Tara Allsopp
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Ryan Hobbs wrote:

Tara Allsopp wrote:Lol. Thanks Ryan. I'm just not sold on Ohio to be honest. As far as environment goes, the northwest area is where I've had my heart set on. The forests & foliage are different up there. I will check out what you said though since you are so adamant about it lol. Ive got nothing but time on my hands right now lol



Yay! ^_^ Oh, the area is cheap too. I got a big house, 2 outbuildings, and 2 acres for $100k. Big acreages are available with no house For about the same.



I was looking at 40 acres for about $25k in northern AZ. That by itself was enough to consider AZ. LOL. But ultimately I'm a woodsy chick. I need some more green.
 
Ryan Hobbs
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Tara Allsopp wrote:

Ryan Hobbs wrote:

Tara Allsopp wrote:Lol. Thanks Ryan. I'm just not sold on Ohio to be honest. As far as environment goes, the northwest area is where I've had my heart set on. The forests & foliage are different up there. I will check out what you said though since you are so adamant about it lol. Ive got nothing but time on my hands right now lol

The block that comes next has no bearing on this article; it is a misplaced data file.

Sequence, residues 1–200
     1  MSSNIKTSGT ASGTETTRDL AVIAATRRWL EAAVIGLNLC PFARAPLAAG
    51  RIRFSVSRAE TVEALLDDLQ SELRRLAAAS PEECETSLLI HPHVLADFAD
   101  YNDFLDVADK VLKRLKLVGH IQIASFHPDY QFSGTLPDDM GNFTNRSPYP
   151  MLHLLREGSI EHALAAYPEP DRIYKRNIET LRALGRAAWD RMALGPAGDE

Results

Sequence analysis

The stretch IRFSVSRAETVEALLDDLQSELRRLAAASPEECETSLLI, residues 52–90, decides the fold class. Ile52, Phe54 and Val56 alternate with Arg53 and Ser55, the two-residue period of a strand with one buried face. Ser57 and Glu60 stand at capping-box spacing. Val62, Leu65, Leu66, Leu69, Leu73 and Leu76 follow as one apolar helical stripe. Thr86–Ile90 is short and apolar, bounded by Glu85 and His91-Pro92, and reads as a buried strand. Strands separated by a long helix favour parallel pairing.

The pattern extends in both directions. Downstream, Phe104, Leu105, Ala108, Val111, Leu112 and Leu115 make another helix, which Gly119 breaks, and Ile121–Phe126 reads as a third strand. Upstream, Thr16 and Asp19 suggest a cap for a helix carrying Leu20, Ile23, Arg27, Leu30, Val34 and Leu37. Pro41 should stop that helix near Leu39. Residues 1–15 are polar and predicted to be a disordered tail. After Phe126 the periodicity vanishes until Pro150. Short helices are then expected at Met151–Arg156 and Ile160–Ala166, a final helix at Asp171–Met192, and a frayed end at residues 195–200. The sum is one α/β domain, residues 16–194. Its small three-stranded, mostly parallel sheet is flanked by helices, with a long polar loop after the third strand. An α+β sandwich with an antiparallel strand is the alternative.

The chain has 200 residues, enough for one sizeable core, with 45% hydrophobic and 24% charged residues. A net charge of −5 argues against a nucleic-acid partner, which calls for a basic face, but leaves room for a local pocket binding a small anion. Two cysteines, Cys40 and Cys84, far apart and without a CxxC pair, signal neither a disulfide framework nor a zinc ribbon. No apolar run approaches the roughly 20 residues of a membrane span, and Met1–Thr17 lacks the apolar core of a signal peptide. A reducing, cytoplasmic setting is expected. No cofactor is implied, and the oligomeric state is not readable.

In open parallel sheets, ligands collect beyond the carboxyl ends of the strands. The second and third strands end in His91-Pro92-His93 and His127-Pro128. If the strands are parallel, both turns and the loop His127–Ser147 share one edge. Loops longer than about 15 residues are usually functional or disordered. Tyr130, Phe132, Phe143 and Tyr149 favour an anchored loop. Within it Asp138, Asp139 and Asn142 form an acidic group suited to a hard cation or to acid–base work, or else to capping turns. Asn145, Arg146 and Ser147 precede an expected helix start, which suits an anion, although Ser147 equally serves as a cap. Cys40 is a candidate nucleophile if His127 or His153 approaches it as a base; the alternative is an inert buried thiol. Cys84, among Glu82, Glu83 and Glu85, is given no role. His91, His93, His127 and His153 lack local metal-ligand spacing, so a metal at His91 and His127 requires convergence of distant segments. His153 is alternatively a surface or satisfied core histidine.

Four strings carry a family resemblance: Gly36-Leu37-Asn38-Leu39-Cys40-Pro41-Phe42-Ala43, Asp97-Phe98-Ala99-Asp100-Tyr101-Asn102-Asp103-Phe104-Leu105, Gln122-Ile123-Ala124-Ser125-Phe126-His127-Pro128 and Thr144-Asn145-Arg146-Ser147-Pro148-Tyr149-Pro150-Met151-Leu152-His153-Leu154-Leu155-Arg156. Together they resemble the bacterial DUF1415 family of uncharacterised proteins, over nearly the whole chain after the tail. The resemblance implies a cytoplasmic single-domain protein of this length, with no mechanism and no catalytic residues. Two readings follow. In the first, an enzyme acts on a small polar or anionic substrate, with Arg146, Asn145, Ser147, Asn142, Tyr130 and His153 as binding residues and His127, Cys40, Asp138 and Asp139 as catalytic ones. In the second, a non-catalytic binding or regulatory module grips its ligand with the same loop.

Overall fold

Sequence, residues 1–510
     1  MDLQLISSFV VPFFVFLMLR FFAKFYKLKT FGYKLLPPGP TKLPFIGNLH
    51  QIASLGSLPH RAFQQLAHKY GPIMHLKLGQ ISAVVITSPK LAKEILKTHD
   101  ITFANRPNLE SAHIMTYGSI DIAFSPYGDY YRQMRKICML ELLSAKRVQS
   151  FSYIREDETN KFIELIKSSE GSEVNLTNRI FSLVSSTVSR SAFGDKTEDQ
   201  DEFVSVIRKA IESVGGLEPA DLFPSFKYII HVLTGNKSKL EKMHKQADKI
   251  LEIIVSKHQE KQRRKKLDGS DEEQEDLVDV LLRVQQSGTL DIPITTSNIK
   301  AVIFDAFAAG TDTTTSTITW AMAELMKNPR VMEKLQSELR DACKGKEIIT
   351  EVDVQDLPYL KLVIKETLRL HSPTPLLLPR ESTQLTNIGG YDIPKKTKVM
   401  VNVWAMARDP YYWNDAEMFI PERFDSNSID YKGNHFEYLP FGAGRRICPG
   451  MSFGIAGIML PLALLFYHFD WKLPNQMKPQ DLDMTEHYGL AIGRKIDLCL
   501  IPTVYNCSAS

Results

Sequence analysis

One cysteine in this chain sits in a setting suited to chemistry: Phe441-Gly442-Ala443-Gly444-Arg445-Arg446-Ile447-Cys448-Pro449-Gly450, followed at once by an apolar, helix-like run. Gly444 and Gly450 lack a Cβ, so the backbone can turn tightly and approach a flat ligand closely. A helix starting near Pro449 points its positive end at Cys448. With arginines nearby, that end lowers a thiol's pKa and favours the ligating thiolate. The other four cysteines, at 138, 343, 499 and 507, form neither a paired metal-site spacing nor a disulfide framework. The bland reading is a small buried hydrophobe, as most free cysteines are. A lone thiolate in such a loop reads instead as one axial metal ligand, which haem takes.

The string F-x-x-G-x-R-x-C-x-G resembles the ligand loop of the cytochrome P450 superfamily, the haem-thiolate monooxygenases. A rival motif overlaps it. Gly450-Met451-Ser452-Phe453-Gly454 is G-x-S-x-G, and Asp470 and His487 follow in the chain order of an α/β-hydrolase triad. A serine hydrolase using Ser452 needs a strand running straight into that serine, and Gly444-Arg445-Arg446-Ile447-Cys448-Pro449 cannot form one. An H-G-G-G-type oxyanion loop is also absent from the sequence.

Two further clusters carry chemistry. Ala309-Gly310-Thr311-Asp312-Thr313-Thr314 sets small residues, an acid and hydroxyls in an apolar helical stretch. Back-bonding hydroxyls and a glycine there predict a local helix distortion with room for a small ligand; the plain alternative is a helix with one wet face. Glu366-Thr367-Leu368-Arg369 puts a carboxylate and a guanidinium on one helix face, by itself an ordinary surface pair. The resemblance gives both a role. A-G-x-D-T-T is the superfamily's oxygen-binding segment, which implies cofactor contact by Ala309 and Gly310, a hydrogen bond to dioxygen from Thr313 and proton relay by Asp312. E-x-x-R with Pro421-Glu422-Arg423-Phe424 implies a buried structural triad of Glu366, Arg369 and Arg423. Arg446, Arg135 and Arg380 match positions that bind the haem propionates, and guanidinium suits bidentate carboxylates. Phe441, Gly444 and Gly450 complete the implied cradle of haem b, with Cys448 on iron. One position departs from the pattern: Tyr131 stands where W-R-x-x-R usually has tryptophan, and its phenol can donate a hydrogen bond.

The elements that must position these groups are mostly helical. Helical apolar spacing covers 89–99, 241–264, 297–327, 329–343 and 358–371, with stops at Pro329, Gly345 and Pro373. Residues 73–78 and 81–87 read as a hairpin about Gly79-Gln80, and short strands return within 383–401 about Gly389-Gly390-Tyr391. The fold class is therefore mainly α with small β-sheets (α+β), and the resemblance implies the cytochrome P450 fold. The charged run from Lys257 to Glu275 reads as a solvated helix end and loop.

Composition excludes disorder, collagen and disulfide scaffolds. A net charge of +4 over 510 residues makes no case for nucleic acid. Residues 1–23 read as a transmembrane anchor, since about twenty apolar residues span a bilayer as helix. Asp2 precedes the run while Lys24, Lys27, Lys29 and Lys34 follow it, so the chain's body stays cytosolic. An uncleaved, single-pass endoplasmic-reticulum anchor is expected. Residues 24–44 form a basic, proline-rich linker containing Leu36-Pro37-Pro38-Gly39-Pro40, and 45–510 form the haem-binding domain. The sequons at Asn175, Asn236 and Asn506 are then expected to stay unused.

Yay! ^_^ Oh, the area is cheap too. I got a big house, 2 outbuildings, and 2 acres for $100k. Big acreages are available with no house For about the same.



I was looking at 40 acres for about $25k in northern AZ. That by itself was enough to consider AZ. LOL. But ultimately I'm a woodsy chick. I need some more green.



Ohio is nothing but green. Everything is green when it's not winter. It may not be as cheap as the desert, but it's easy to grow stuff here and it's not in the desert. $5000 an acre is normal for 90% of Ohio. Where I am, we have loess and clay soils here in the Appalachian Foothills region. In the western and central portions, the soils are dark red clay. The whole state is blessed by summer rains and Ohio is the feed bucket of America with most maincrop farms producing grain and legumes to feed livestock. But the vegetable productivity is literally insane. From my best garden I mentioned above was a scant 600 sq ft and fed my household, my parents, and I canned, and I had to give stuff away. Next year's garden is 10,000 sq ft and I expect plenty to sell.
 
Tara Allsopp
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Wow! That's alot of food! I have a lot to learn about growing still. I honestly haven't put much thought into what I'd grow exactly. I figured the basics, tomatoes, onions, maaaaybe some corn...